Dag Deals of the week

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Some more deals this week.
IPad to remind you that TECHNOLOGY is GREAT!
Hurricane lamp to remind you that CAMPING is AWESOME!
Tontine Pillow to remind you that SLEEPING is NECESSARY!
Milo to remind you that CHOCOLATE is HEALTHY!
American Mustard to remind you that SPICE is LIFE!
Bourbon to remind you that ALCOHOL is LIBERATING! (sometimes…)
Kardashian’s DVD to remind you that YOUR family is NORMAL!
And of course, pick of the week, a 40″ Blow Mould Creeper: no idea what this is. Maybe a skateboard to use in the shower?

Monday Lifelines

French people love jokes of the type: Monsieur et Madame ont un fils/fille, comment s’appelle t’il/elle? (Mister and Madam have a son/daughter, how do they call it? A play on words, like Mr. and Mrs Igamy have a son, how do they call him? Paul…). Completely irrelevant if you can’t understand French, so sorry but here are some excellent ones…

Monsieur et Madame Ebuailaifroideéapraisava ont une fille…Comment s’appelle t-elle?
Aude

Monsieur et Madame Gokirigole ont un fils, comment s’appelle t-il?
Denis

Monsieur et Madame Padanlelavabo ont une fille, comment s’appelle t-elle?
Honorine

Et j’en ai d’autres…

SATURDAY COOKING: GRAPEFRUIT COLLINS

Yes, here it is, the cocktail recipe! As I have said previously, it’s hot today and this is a taste of things to come this summer. We get long, hot and dry summers here in Perth.
So my DUTY is to find AMAZING cocktails/drinks recipes and add them to the Saturday Cooking section.
Have started today, yum yum, with a GRAPEFRUIT COLLINS, a recipe from a bar called “Enrique’s School for Bullfighting” (yep, this is a bar’s name. Personally, I would have called it “Davo’s Shack”…). Of course, I will have to do a lot of tasting as well, which may be hard…!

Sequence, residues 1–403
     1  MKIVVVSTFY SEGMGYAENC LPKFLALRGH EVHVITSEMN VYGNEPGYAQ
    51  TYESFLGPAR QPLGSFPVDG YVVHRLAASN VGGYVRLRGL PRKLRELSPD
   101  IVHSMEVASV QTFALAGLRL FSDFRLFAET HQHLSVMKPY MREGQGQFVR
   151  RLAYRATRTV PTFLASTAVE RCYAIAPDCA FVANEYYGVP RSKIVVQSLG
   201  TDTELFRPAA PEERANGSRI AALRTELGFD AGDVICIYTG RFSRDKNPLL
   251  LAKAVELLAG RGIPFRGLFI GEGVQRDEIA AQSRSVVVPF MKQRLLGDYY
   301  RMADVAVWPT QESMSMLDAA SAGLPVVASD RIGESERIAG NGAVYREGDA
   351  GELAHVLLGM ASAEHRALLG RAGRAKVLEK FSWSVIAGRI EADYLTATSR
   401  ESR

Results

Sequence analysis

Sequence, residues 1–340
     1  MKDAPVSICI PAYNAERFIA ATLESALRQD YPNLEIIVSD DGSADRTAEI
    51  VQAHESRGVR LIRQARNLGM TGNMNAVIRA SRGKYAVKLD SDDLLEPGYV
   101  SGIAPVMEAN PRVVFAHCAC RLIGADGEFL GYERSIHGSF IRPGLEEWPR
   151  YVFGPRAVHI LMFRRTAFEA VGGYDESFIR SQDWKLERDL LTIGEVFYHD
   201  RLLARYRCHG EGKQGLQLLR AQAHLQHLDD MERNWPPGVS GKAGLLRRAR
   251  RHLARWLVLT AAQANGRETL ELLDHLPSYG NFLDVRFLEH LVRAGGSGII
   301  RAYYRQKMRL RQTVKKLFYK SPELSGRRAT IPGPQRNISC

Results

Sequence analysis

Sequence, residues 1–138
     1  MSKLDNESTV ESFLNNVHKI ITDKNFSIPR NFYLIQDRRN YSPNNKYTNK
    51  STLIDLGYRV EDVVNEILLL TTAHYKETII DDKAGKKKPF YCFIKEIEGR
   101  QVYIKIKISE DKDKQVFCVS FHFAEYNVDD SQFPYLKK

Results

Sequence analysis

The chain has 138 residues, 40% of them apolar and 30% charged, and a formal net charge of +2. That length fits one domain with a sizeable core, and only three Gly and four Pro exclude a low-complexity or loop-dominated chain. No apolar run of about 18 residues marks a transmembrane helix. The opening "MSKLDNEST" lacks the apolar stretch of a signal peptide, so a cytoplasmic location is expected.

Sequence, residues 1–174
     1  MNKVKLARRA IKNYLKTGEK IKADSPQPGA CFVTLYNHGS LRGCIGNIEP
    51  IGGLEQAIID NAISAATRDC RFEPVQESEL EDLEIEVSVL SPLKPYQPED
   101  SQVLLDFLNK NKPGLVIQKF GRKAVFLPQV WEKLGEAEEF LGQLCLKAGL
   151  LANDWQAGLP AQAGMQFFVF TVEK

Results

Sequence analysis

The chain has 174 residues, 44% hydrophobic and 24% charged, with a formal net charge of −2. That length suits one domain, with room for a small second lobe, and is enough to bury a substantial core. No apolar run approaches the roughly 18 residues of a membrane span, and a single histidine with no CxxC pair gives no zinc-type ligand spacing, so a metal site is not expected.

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60ml Tanqueray 10 (gin.  I had Gordon’s Gin and trust me, I couldn’t tell the difference after drinking half of it!)
20ml fresh lemon juice
20ml fresh grapefruit juice
1 dessertspoon sugar
soda water to top
grapefruit wedge to garnish

In a highball glass, add the gin, lemon juice, grapefruit juice and sugar, stir until sugar is dissolved.
Fill glass with ice and top with soda water then garnish with a grapefruit wedge.

I didn’t put sugar in it. I used tonic water (soda water is so passé!). And it ROCKS! No doubt because 60ml of gin is a double dose of spirit…
If you have heart problem and can’t have grapefruit (because it interferes with your medication), use lime instead. If you have fresh leftover juice, pour it in ice cube trays, freeze and then use later.
Actually, I’m going to make myself another one right now with lime and grapefruit juice, eat sushi and watch 8 episodes of “Downton Abbey season 4”. Or should I go for a swim…?
And I will wait and see if the sea is calling…
And you ABSOLUTELY must drink it in a Tiki Pop glass! Pineapple rules! And please notice the very daggy plastic icecubes in the glass…